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Identification of Repair Coatings on Pipelines Using In-Line Inspection Technologies

[+] Author Affiliations
Andrew Greig

Kinder Morgan Canada, Inc., Calgary, AB, Canada

Jörg Grillenberger

The Rosen Group, Germany, Lingen, Germany

Paper No. IPC2016-64519, pp. V001T03A069; 5 pages
doi:10.1115/IPC2016-64519
From:
  • 2016 11th International Pipeline Conference
  • Volume 1: Pipelines and Facilities Integrity
  • Calgary, Alberta, Canada, September 26–30, 2016
  • Conference Sponsors: Pipeline Division
  • ISBN: 978-0-7918-5025-1
  • Copyright © 2016 by ASME

abstract

One of the major issues in the pipeline industry is coating disbondment. A very large percentage of external corrosion and SCC is observed under disbonded coatings that shield Cathodic Protection (CP). This has been an ongoing issue with coated and cathodic protected pipelines since the initial use of these two protection methods. The various coating types and their typical failure scenarios, under various harsh environmental conditions, as well as their compatibility with cathodic protection when disbondment occurs, play a major role for recoating programs and selection of the coating type used for repairs and re-coating programs.

With the continued development and improvements of the “Electro-Magnetic Acoustic Transducer” (EMAT) in line inspection technology it is possible to locate disbonded coatings, without the need of exposing the pipeline. This way operators can assess the condition of the coatings applied to their pipeline systems at a comparable low cost. Inline inspection tools equipped with the “EMAT” technology are also capable of identifying the various coating types and coating conditions.1 The coating type identification process is not limited to coating types applied to whole joints. Field applied coatings covering the girth weld area or coating changes within a joint such as repairs can be identified as well. In the presented case study, the challenge was the identification of different coating types used as repairs or for re-coating procedures, within the 60 year history of the inspected pipeline system. At the beginning of the project the main coating types and obvious repairs were identified based on EMAT in line inspection data. In a combined effort, operator and in line inspection vendor compared the initially identified coating types with the known repair history of this pipeline system. Based on this shared combined information the coating type analysis could be finetuned and additional areas could be identified as repaired or re-coated.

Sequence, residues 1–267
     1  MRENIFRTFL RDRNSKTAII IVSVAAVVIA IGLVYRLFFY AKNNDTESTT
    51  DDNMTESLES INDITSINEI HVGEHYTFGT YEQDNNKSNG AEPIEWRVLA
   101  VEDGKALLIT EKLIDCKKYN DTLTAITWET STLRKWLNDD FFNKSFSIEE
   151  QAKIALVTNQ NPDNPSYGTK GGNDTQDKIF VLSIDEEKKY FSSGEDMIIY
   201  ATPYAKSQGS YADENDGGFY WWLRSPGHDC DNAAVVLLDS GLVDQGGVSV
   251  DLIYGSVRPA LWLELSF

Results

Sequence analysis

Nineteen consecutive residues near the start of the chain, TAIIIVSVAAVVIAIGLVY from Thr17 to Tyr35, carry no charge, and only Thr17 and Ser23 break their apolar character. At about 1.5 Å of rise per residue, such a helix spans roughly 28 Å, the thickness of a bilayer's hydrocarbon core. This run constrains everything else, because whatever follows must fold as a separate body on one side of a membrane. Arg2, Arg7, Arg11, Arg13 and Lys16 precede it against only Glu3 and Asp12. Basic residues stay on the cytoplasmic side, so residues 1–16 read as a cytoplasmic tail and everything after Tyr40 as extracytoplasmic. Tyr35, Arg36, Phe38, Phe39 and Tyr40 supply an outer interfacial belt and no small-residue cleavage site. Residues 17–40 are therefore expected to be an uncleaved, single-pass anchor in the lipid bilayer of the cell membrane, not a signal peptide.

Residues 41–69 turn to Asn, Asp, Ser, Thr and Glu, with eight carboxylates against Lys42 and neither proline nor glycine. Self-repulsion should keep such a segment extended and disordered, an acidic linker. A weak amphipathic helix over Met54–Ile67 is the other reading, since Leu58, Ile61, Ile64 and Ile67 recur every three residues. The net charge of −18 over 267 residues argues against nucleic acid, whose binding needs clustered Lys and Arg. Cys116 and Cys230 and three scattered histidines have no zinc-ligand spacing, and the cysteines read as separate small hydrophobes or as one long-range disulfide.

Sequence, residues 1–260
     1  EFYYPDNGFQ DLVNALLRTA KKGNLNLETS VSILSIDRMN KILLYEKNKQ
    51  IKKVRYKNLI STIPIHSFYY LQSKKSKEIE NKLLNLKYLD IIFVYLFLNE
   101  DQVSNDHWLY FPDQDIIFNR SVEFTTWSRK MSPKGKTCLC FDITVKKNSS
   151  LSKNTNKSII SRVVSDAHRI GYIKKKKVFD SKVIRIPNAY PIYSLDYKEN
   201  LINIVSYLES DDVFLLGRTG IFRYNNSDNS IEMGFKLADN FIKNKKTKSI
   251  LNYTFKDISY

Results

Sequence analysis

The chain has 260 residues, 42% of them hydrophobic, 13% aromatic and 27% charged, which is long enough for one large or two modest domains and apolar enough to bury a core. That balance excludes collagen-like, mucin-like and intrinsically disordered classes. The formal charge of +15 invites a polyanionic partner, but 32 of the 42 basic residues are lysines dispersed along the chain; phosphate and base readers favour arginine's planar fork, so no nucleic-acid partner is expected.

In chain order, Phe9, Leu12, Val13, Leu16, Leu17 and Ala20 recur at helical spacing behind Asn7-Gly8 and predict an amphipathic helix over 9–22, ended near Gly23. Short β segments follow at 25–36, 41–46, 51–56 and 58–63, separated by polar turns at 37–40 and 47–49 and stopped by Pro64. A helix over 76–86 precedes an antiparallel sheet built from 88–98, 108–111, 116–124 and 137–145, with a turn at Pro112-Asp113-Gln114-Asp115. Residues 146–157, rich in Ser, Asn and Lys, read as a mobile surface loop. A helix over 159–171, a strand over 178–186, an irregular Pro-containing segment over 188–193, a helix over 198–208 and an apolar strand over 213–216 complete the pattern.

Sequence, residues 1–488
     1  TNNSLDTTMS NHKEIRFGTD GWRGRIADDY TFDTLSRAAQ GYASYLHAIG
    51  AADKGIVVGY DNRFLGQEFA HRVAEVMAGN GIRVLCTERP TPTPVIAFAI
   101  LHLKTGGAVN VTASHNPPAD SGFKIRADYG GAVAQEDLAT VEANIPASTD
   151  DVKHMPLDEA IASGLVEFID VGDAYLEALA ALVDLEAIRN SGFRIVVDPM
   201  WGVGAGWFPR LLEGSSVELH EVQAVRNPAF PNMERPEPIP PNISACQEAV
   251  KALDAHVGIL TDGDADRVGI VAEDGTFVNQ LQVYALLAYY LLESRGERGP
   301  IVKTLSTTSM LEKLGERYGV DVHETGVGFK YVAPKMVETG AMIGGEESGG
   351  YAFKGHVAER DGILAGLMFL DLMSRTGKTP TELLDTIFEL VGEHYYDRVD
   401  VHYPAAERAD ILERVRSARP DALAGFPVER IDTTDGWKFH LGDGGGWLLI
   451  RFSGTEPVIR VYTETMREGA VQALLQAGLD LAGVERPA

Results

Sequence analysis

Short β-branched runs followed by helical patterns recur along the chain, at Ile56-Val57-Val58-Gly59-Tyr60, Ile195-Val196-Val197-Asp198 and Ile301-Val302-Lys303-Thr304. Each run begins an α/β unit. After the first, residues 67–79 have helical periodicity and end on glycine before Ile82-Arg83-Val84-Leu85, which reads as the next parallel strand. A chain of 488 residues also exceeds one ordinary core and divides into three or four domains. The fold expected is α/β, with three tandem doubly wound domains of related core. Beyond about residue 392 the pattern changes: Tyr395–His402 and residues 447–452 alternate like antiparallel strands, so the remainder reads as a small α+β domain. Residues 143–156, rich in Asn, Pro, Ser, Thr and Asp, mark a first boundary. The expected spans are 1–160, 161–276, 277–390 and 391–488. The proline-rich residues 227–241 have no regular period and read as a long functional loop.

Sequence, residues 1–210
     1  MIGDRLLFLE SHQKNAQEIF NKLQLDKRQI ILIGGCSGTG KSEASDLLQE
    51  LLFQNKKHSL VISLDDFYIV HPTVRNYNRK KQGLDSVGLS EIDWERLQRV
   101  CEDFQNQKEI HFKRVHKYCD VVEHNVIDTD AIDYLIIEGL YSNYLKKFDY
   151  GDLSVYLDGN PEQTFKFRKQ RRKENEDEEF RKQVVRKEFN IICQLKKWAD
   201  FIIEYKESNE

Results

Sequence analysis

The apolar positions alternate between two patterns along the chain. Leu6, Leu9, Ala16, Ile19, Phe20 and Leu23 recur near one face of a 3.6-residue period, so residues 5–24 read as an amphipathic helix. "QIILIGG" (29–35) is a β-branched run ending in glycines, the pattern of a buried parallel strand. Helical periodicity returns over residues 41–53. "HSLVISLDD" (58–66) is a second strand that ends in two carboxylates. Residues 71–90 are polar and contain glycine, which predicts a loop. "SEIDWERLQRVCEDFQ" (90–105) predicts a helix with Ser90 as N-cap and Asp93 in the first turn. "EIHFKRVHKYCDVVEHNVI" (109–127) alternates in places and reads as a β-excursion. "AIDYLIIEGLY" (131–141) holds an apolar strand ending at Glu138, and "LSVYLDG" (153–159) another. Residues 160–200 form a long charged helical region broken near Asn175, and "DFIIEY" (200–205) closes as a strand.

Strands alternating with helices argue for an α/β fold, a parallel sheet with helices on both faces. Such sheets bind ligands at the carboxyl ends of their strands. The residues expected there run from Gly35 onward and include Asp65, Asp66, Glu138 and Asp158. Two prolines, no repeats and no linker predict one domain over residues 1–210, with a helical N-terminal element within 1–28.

The paper will outline different coating repair methods described by the operator and subsequently identified by the EMAT tool. This paper will also describe for each coating repair method the associated risks for the pipeline integrity.

Copyright © 2016 by ASME

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